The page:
I rate this 2.5 stars because this book wasn't exactly for us. Any book who's chapter 1 is titled "Is My Child Obese" isn't the perfect fit in our house. We were looking to just make better food choices around here and this is a whole system of re-thinking food. Basically everything is given a red/yellow/green light and you have so many "lights" per meal or snack. All raw fruits and veggies are free. I did take a few good pointers from here, but we aren't making this our new food bible or anythi ...more
What a great book for parents who have to learn the tricks of properly feeding their children! With the need for good nutrition, this book has been able to give advice to parents looking to teach their children how to make good food choices. I recommend this book to all parents as a way to undo the bad choices of the past. Dr. Joanna Dolgoff has written a "must have" book for every home library.
The concept is good for kids because it is so basic, but it is way to basic for an adult. Adults can rationalize things much more thoroughly and there were some point in the book where you could take it and say while by that rationale, such and such is healthy, and its totally not. Good for kids who need help eating right though!
This book approaches eating in a way that motivates kids to make the right choices. No food is forbidden. It is all about portion sizes, and frequency. The book is incredibly user friendly with a database and a plethora of great recipes. I highly recommend.
Michele Minor
This is a good book that tells parents how to get their child to eat healthy. It advocates portion control instead of forbidding certain foods for your child to eat, unless they do have an allergy to a particular food.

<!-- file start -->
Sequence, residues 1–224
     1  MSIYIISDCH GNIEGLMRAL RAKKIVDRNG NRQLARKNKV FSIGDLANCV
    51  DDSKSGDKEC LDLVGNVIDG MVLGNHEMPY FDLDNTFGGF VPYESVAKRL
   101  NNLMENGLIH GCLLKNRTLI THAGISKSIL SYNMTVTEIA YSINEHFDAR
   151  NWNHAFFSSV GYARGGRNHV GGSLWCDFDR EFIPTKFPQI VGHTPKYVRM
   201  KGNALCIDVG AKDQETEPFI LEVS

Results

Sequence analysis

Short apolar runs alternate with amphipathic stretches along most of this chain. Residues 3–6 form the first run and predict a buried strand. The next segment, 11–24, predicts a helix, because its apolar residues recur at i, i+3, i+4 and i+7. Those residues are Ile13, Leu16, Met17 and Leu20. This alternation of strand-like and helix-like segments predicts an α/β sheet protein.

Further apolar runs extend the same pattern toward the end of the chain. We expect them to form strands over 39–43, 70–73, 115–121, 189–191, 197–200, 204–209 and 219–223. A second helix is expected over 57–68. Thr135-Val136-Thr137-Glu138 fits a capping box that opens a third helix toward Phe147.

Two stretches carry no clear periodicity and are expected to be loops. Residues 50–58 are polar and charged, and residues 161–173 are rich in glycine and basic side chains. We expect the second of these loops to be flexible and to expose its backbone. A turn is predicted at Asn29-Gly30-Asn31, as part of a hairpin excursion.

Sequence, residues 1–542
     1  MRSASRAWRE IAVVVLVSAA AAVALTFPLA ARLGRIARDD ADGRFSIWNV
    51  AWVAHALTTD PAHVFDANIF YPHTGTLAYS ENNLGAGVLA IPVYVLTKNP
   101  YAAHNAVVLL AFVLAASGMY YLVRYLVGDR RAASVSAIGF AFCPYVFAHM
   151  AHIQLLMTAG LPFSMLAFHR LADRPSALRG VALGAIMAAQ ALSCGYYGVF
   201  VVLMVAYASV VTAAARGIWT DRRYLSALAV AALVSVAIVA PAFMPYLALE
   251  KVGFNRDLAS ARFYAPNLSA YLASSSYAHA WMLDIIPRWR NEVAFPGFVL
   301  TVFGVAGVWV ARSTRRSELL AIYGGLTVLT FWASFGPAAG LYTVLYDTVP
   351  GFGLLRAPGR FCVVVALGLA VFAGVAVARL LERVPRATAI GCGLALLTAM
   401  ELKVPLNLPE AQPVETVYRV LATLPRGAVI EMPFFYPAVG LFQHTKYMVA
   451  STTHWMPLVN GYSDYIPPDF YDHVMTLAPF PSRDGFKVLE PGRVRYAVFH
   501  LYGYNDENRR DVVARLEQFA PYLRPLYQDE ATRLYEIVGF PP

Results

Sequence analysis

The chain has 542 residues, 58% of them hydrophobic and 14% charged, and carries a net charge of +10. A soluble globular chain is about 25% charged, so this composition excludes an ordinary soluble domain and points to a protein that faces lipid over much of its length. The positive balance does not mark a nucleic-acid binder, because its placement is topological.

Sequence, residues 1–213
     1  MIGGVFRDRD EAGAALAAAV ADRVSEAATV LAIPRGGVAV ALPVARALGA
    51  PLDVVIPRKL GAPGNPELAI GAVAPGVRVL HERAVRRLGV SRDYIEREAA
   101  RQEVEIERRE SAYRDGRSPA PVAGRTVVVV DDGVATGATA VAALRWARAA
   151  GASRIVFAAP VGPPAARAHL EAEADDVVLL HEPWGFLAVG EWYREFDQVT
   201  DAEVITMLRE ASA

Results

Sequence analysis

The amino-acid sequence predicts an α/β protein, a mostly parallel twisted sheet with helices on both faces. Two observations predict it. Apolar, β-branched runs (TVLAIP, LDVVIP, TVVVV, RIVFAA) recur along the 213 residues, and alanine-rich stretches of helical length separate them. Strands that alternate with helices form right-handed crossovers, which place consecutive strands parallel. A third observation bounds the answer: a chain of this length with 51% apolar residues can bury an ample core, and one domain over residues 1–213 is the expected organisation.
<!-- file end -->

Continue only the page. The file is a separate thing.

The pictures of the recipes look delicious; and I bet children would love to make and eat such colorful, vibrant foods. I am going to make the low fat pumpkin muffins, carrot cake, and garlic potatoes.
Great book for anyone interested in helping children (and adults) to eat right in this fast food age. In order to teach children about food choices, this book breaks the whole topic down to basics.
I thought there were some great ideas and recipes in this book. I didn't think some of it was for me and my family, but I liked the basic concept.
Loved how easy it was to understand Dr. Dolgoff's book. There wasn't one thing that was unappealing or not tasty!
Katherine Gray
Very interesting book on building nutrition for children. I especially enjoyed the recipes.
Amy Richard
Good book if you are struggling with knowing what is good for your child nutrition wise.
Ann Naegele
Easy for a tweener to follow and reshaping how the whole family views food choices.
Amy Richard
Good book if you are struggling with knowing what is good for your child nutrition wise.
I copied a few recipes out of this book that I will try out on my little guys.
Courtney Willey
Courtney Willey marked it as to-read
Jun 27, 2015
Zoey Shibe
Zoey Shibe marked it as to-read
Mar 11, 2015